Authored by Mark Scallon and Grant Ostlund
As public and political scrutiny of the high cost of prescription drugs continues to increase, states across the country have quietly been adopting laws requiring pharmaceutical companies to disclose certain information when introducing new drugs to the market or raising the price of drugs already in the market. Although each has its own unique requirements and are diverse geographically, demographically and politically, these states were spurred to action by the common objectives of addressing rising drug costs and bringing transparency to the complex world of pharmaceutical drug pricing.
Many of the state laws share similar features, such as how disclosure is “triggered,” but the largely diverse requirements, coupled with the robust disclosure calendar, increase costs on companies in a resource-constrained environment and require companies to divulge business practices to potential competitors. A quick scan of drug price transparency activity at the federal level provides some indication of the different approaches and narratives emerging in Washington, but may not be capable of answering the fundamental question in this discussion – is federal action to control drug pricing on the horizon?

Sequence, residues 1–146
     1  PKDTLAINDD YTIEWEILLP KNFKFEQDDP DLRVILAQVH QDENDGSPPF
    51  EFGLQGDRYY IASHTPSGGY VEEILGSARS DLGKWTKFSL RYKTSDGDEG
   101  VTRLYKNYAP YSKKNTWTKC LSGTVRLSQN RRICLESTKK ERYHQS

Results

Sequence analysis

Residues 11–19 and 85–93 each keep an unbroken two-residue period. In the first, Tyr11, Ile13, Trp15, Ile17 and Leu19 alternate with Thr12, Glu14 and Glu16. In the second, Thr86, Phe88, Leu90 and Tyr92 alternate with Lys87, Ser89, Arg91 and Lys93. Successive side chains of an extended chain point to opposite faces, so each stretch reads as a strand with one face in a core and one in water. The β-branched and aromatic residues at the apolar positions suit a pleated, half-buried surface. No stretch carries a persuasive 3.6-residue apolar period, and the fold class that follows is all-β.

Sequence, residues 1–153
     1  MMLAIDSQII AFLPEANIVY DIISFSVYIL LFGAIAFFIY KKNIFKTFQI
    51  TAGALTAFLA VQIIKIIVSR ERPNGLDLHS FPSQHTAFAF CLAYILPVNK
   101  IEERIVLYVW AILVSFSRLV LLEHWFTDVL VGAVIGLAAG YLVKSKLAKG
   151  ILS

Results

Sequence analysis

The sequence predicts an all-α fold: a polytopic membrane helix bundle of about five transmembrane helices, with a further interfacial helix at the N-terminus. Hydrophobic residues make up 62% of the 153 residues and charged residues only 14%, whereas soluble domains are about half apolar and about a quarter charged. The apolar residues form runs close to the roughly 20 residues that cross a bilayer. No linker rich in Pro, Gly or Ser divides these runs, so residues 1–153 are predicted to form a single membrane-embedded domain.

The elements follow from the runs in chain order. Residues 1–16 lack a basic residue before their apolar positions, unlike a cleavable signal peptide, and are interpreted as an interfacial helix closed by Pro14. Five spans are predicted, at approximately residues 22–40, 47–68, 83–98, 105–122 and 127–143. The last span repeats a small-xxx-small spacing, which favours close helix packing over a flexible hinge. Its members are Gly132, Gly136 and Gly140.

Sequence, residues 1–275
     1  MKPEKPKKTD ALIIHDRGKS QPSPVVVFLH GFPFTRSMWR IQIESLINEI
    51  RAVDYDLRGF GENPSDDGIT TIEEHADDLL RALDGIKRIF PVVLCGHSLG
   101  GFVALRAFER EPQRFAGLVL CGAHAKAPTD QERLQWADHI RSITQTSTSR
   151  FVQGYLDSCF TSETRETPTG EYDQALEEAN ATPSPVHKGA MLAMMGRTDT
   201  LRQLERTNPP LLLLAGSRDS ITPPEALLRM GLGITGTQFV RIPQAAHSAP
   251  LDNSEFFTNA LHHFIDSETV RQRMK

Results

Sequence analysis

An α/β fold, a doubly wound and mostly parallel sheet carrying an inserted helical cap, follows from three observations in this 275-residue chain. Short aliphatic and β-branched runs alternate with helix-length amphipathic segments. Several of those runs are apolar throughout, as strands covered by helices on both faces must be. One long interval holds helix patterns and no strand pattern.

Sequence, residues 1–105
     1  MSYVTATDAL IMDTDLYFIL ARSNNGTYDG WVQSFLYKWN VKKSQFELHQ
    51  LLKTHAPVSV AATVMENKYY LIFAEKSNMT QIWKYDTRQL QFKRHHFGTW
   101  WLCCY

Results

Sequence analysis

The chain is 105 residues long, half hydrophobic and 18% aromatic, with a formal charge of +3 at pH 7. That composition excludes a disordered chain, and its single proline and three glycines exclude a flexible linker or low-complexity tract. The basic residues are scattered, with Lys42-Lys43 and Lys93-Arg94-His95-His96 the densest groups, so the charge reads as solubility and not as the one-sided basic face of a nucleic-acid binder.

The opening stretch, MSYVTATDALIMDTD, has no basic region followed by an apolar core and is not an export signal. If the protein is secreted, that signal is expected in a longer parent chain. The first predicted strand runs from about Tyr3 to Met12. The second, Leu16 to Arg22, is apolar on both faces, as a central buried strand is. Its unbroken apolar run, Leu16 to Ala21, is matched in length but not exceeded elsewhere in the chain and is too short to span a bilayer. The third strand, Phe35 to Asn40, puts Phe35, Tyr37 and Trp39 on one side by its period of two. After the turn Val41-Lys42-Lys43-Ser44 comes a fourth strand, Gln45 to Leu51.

At the federal level, the debate over drug pricing was once largely confined to backbenchers at the political extremes, but today has found new life across the aisle and the elected branches of the federal government. History is replete with examples of movements and policy priorities that first took root among the states and then found a foothold in Washington because of broad public support, the economic need for a uniform national standard and/or political opportunity.
As the fog of this election cycle begins to dissipate, drug pricing and the federal government’s relationship with the pharmaceutical industry may emerge as a major issue for debate and could be one of those evermore rare causes that find bipartisan consistencies. Should Congress and the executive branch take up consideration of national drug pricing legislation, they will need to decide whether to embrace those elements that worked for all stakeholders at the state level – including patients, industry, payers and communities – or to be distracted by what is politically popular in the short term to the long-term detriment of those same stakeholders. Let’s take a look at the status of potential pricing regulation actions in the executive and legislative branches of government.